Dr Kate Orkin is Associate Professor in Economics and Public Policy at the Blavatnik School of Government and a Supernumerary Fellow of Merton College.
Prior to this, she was a Junior Research Fellow at Merton College. Kate completed her undergraduate degree at the University of Cape Town. She did her MPhil and DPhil at Oxford as a Rhodes Scholar, finishing in 2015.
Kate has worked extensively at the interface of research and policy in taking successful evidence-based interventions to scale. She and her team have worked closely with national and local governments and NGOs, including GiveDirectly, the Harambee Youth Employment Accelerator and BRAC, to co-design, test and cost interventions, and then build delivery systems and political will for scale-up. In the past, Kate has done policy advisory work for the South African Presidency, World Bank and International Food Policy Research Institute.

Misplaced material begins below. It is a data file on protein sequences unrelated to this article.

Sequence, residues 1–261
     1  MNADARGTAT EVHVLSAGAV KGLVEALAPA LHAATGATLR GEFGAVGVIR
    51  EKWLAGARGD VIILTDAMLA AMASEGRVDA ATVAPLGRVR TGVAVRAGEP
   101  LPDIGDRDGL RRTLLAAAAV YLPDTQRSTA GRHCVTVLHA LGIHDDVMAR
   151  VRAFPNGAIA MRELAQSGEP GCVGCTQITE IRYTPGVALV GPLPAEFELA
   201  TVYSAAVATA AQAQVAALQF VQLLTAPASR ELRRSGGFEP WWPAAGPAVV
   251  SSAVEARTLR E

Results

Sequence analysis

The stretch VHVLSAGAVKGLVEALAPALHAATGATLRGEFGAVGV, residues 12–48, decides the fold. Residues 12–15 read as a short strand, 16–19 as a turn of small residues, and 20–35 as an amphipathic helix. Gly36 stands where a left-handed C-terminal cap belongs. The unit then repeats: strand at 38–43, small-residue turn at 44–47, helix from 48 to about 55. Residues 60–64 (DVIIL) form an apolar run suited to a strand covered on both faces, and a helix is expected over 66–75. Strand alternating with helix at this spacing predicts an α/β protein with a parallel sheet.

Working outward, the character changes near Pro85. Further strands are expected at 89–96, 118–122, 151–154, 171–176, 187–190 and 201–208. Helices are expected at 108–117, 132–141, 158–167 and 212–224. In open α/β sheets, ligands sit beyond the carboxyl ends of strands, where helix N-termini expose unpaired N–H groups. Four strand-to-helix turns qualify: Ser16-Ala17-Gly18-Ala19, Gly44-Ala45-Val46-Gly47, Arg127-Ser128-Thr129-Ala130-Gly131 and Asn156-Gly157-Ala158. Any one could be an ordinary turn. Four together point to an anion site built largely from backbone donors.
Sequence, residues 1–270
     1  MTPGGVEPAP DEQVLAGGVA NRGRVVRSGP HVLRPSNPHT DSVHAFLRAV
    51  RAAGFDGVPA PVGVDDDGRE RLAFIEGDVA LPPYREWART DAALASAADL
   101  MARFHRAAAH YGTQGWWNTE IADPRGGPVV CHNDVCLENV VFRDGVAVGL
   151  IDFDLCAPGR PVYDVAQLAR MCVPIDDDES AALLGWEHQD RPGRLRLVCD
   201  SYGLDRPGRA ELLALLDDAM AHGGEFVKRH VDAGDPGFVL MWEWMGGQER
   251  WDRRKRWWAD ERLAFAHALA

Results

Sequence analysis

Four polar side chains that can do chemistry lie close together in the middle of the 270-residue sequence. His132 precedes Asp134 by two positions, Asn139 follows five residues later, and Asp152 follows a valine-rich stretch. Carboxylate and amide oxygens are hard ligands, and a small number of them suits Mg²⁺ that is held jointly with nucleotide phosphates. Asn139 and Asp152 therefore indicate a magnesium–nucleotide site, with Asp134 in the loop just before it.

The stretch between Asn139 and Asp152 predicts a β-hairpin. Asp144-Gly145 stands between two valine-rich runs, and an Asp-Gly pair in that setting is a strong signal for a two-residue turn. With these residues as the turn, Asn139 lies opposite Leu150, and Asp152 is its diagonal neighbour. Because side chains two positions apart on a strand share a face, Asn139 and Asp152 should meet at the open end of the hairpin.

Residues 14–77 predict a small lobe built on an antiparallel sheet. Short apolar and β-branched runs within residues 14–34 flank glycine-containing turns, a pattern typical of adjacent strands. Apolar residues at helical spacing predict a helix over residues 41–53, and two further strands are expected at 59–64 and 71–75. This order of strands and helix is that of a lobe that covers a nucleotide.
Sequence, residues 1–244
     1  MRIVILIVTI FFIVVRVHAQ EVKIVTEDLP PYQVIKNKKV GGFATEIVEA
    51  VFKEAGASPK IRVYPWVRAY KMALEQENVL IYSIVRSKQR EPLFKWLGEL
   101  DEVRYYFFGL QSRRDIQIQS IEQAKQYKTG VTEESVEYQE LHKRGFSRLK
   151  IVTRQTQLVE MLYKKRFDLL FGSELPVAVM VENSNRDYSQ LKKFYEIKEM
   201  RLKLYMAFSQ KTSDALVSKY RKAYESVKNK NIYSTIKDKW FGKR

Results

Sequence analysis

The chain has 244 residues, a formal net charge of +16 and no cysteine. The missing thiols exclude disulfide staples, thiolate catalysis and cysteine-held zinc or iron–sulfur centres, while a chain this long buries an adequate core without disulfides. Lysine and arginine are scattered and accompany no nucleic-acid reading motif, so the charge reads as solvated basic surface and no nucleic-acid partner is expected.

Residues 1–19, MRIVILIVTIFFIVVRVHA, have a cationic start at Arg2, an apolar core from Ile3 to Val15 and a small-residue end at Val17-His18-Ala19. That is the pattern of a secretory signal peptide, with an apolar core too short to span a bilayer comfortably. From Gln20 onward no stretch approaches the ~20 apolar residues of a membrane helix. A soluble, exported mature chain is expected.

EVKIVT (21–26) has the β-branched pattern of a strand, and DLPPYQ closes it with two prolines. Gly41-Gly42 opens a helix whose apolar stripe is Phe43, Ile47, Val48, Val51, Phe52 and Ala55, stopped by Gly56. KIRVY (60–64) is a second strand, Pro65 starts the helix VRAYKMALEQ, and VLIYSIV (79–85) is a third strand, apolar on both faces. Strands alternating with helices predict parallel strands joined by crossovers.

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Researchers examine whether exposure to role models through a video documentary can change individual’s aspirations and their future-oriented investments, such as investments in their children’s education.
Researchers partner with Harambee Youth Accelerator in South Africa to investigate the potential for using skill measures to determine matches of work-seekers to job opportunities. .
Can a psychological intervention enhance the known positive economic effects of cash transfers ?
This study investigates how a large, one-off cash transfer from an NGO to the poorest 40% of households in a thousand villages in western Kenya impacts civic engagement and community behaviour.
This project looks at how voters process information from pre-election polls, and examines the effect of different messages on voter turnout, vote choice and election and party beliefs.
Researchers partner with GiveDirectly to test whether a cash transfer or aspirational video can impact women’s control of household resources or experiences of intimate partner violence.
Researchers test whether visualisation and planning interventions can impact preventive health investments.
Researchers test the effects of two light-touch psychological interventions on water chlorination and related health and economic outcomes.